Kim Jong-nam dead: Who was North Korean leader's estranged half-brother 'poisoned by two female assassins'?

The playboy was heir to become supreme leader for several years but fell out of favour with the regime and moved overseas where he survived a failed assassination attempt

Maya Oppenheim
Tuesday 14 February 2017 17:03 GMT
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He was arrested at Narita airport in Tokyo in May 2001 after it emerged he was travelling to the country on a forged Dominican Republic passport using a Chinese alias of Pang Xiong
He was arrested at Narita airport in Tokyo in May 2001 after it emerged he was travelling to the country on a forged Dominican Republic passport using a Chinese alias of Pang Xiong (Getty Images)

Kim Jong-un and his recently killed brother might both have competed to be the supreme leader of North Korea but in the end they both ended up having wholly different lives and holding divergent political perspectives.

According to South Korean media reports, the North Korean leader’s brother, Kim Jong-nam, has been attacked by two women with “poisoned needles” at Kuala Lumpar airport in Malaysia. The two women, believed to be North Korean agents, are reported to have immediately fled the scene in a taxi.

If reports are true, this could be the most significant killing of a member of North Korea’s ruling family since the death of Jang Song Thaek in 2013.

Mr Kim, the supreme leader’s half-brother who is the eldest son of Kim Jong-il, has spent far less time in the limelight than his younger brother who he is believed to have never met. The 45-year-old went into hiding in Malaysia after Mr Jang, his powerful uncle and guardian, was brutally executed in December 2013.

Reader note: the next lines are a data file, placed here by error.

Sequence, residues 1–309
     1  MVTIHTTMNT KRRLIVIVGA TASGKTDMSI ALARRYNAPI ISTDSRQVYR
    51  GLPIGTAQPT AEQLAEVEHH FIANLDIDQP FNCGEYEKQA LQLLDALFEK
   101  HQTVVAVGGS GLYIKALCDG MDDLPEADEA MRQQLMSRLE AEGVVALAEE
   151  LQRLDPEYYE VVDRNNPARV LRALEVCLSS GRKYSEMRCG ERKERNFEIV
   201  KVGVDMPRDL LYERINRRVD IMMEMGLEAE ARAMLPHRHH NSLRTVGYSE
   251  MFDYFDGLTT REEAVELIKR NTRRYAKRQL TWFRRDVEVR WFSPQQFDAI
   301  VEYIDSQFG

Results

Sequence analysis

Mr Kim, who survived an assassination attempt in Macau in 2011, was formerly the current leader’s rival heir to the country but he fell out of favour in the Hermit Kingdom and moved overseas, living in Macau, China, Singapore and, Malaysia.

But who is the estranged brother, who has been dubbed a playboy for his reported gambling and extravagant spending, and why has his life been so different to that of his brother?

He was educated in Switzerland

He was the non-marital son of Song Hye Rim, a North Korean actress who was with Kim Jong Il and one of three women known to have had children with the former leader.

According to Yoji Gomi, the author of My Father, Kim Jong Il, and Me who met with Mr Kim for interviews in Macau and Beijing several years ago, he said the half-brothers were kept apart because of an age-old history of raising potential leaders separately.

Mr Kim was born in Pyongyang in 1971 but was educated in Switzerland, prompting his father to later reportedly consider he had turned “into a capitalist”.

According to Gomi, it was his Swiss education which convinced him North Korea was in need of embracing economic reforms.

Interestingly, his half-brother, the current North Korea leader, was also educated in Switzerland but developed no such opinions.

North Korean leader Kim Jong-Un delivering his new year message in Pyongyang